IN THE non-cyber category – that is to say, ‘human error’ – we have, as the main causes:
General breach of personal data – this will contain ‘blagging’ incidents and the accidental disclosure of personal data;
Data posted or faxed to incorrect recipient;
Data emailed to incorrect recipient;
Loss/theft of paperwork or data left in an insecure location. In the cyber category, we have the following main reasons for data breaches:
Phishing – emails with malicious links, malware;
Unauthorised access.In conclusion, it is errors by staff and employees that cause the majority of data breaches reported to the ICO.Poor data handling and data management are underlying causes for the data breaches reported to the ICO, whether these breaches are cyber or non-cyber.
Errors in the use of emails is a big factor behind data issues, where we see common problems such as:
Emails sent to incorrect recipients.
Emails with people pretend-ing to be someone else – ‘blagging’. Blagging occurs when someone poses as a trusted individual to obtain personal information from their victim or encourage the victim to perform actions, such as a bank transfer.
Emails containing phishing and other scams and malware. Phishing is an attack used to steal data including login details and credit card details. The attacker will generally pose as a trusted entity and dupe the victim into responding to an email or text message.
Emails with incorrect or wrong content and referencing of individuals. Read more…
In our blog today, we look at the implications for Data Protection in the event of a No Deal Brexit. An increasingly likely scenario, given the inability of the politicians in both houses, to agree on a sensible approach.
A very informative article by FieldFisher explains that the EU Withdrawal Agreement seeks to ensure there is no disruption to data flows after Brexit.
Currently, the EU Withdrawal Agreement proposes that during the Implementation / Transition phase, ie the period between March 2019 and until the Treaty governing the future relationship is agreed, existing EU laws will apply within the United Kingdom.
This means that businesses and practises still require to be compliant with the existing regulations – UK Data Protection Act 2018 & EU General Data Protection Regulation. So, no change there.
The UK government and businesses on both sides of the channel, would like continued free flow of personal data after the Transition period ends. To achieve this, once the UK is outside of the EU, it would take the form of an adequacy decision, similar to adequacy decisions given by the EU to countries for example, the United States, Canada, New Zealand and Argentina which ensure the free flow of data.
An adequacy ruling from the EU Commission effectively means that the Data Protection laws in a country are adequate to ensure the protection of individuals rights regarding personal data.
The Political Declaration
The political declaration on the future relationship between the UK and the EU, describes the ‘endeavour’ to adopt an adequacy decision by the end of the Transition period.
Given that the UK government adopted all of the GDPR provisions into the UK Data Protection Act 2018, my personal opinion is that it would be astounding and rather disingenuous if the EU did not grant the UK an adequacy decision.
But what happens if there is No Deal before March 2019?
The UK ceases to be a member of the EU in March 2019, instead becoming a Third country. If the EU Withdrawal Agreement Bill does not go through UK Parliament, there will be no agreement for either the Transition period or a plan for a future trading agreement.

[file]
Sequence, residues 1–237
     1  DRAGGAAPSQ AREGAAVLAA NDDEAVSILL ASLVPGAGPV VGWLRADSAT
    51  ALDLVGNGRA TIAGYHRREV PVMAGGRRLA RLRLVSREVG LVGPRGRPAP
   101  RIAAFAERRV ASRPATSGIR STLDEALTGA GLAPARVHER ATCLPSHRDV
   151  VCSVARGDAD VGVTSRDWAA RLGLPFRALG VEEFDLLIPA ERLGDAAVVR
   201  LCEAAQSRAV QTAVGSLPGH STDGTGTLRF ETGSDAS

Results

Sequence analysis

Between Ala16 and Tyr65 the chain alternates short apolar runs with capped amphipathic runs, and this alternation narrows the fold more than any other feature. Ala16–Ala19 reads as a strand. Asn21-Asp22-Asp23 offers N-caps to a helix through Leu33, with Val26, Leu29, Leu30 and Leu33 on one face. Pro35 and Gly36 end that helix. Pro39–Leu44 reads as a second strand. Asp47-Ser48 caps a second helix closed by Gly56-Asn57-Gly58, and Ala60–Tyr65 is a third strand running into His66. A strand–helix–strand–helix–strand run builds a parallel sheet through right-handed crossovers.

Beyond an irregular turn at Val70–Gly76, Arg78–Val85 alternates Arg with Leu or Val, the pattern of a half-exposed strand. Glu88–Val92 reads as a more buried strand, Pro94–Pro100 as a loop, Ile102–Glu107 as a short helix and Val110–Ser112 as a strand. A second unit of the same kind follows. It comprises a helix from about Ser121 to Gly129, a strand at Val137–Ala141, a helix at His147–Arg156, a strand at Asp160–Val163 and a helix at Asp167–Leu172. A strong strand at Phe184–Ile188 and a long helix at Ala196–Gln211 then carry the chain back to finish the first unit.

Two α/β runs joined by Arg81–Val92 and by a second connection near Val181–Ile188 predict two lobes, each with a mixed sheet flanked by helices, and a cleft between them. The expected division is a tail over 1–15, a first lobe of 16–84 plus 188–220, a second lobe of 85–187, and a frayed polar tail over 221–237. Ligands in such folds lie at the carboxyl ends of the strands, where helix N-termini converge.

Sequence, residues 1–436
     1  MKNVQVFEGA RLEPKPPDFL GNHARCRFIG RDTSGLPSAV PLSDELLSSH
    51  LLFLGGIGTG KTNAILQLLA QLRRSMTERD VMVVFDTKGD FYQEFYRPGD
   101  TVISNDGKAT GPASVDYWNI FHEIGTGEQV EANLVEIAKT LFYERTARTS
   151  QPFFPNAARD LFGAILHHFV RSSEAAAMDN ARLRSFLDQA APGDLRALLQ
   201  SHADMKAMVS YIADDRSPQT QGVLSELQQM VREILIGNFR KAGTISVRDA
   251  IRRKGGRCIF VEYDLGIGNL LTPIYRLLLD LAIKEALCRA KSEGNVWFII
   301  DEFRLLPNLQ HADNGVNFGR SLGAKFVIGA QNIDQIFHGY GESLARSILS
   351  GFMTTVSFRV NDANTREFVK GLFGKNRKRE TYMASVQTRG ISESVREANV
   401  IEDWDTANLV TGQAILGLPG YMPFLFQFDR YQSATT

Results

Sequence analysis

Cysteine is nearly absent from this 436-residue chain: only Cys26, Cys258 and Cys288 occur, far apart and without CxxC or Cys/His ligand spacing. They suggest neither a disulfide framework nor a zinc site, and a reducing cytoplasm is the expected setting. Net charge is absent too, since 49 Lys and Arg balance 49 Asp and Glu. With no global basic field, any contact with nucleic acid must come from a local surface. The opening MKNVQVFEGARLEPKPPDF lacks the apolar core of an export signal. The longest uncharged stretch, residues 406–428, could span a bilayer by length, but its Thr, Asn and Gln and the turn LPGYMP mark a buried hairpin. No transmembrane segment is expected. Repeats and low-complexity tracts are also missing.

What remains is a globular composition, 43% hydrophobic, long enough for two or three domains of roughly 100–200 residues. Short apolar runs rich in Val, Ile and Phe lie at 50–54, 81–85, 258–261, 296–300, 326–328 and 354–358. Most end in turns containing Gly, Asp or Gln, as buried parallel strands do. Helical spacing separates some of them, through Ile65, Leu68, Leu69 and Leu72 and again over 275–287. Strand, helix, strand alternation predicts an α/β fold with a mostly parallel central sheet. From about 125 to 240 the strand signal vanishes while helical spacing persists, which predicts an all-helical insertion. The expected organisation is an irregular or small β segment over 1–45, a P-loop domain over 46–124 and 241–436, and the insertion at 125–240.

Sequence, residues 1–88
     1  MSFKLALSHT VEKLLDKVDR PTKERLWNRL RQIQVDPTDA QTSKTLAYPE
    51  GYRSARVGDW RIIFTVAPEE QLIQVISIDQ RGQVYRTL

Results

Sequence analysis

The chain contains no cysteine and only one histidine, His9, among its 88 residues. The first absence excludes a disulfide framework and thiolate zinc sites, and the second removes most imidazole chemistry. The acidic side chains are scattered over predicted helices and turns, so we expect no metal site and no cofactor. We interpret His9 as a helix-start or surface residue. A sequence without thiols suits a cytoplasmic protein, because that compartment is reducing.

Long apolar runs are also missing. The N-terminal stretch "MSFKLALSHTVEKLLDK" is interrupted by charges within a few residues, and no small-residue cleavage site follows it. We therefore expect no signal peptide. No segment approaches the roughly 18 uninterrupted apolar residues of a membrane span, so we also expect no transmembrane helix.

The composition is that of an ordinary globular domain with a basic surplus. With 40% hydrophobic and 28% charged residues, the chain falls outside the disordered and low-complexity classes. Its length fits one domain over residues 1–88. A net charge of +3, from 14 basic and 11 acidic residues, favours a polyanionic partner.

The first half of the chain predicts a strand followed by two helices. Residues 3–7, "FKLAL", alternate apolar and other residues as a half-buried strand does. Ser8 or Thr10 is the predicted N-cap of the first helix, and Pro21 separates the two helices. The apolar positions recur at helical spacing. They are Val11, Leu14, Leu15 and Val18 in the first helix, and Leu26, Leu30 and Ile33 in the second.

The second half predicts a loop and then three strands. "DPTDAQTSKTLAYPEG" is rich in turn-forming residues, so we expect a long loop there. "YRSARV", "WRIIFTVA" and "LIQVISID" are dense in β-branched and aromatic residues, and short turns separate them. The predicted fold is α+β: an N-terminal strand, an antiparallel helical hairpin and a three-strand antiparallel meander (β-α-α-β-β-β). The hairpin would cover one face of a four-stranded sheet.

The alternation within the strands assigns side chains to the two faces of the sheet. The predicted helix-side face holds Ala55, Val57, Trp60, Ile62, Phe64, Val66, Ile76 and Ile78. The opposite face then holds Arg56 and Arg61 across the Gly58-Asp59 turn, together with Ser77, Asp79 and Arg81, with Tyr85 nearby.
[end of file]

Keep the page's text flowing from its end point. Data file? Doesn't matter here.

In becoming a Third Country from a Data Protection perspective, Third countries either require an adequacy decision OR must implement other safeguards for data transfers from EU to third countries and vice versa.
…. What are the other safeguards?
A legally binding and enforceable instrument (eg contract, agreement) between public If you are a private organisation, this is not the solution.
Binding Corporate rules – BCRs are an internal code of conduct operating within a multinational group, which applies to transfers of personal data from the group’s EEA entities to non-EEA group entities. However, BCRs must be submitted for approval to an EEA Supervisory authority – which can be a lengthy and expensive process. If you are a SME private organisation, this is not (or unlikely to be) the solution.
Standard contract clauses (or model clauses) adopted by the EU commission – these can be used in contracts and have been approved by the EU, but have yet to be updated to reflect the EU GDPR. The clauses cover the transmission or processing of personal data from / to non-EEA countries, BUT only when used in their entirety and without amendment.
So the standard contract clauses need to exist in any contract where the transfer of personal data occurs outside the UK (currently outside the EEA).
If we exit the EU without a deal, your organisation or practise very quickly needs to:
Understand what data you have, how it flows and which countries the data is received from or flows to.
Be prepared to review and possibly update any contract with another organisation outside of the UK where data flows from and to.
If you have not yet done your homework or analysis on your organisation’s data, I strongly recommend this is a priority task for January 2019, especially if the EU Withdrawal Agreement Bill is not approved by UK Parliament in a few weeks. You should have done this anyway, as part of Data Protection compliance.
Something to think about in January.
Today’s fact. Did you know that data in transit only through a country is not liable to EU GDPR? This means that the data must not be stored, processed, accessed or amended in any way, it just passes through.
=> At least that’s one thing you don’t need to worry about!
That’s it from me for 2018. I’ll be back in January 2019 with an update on the implications of Brexit for Data Protection.
Wishing you and your families a very happy festive season!
In our blog today, from Karen Heaton at Data Protection 4 Business, we look at Data Protection Officers? But do you need one?
Well… probably not, unless you regularly and systematically monitor data subjects on a large scale. Or you are a local authority.
Ok, you don’t. BUT you do still need someone in your practice or organisation who is responsible for ensuring your business is compliant with GDPR and the Data Protection Act. So, somebody needs to be responsible!
Responsible for what?
Even for small and medium sized organisations, someone will need to be skilled and available to undertake these tasks:
Responding to Subject Access Requests and managing Data Breaches
Reviews of security – physical and IT
Making sure your organisation is compliant or has a work plan to become compliant
Training staff in all areas and respond to any queries from clients, suppliers or staff – remember the lessons from Data Breaches in our earlier blog? Staff can be a high source of data breaches – unintentionally or not!
Working across all business functions, such as IT, Marketing, Finance and operations to understand the data in use and ensure operational procedures are in place
Policing the operations to ensure procedures are being followed AND are effective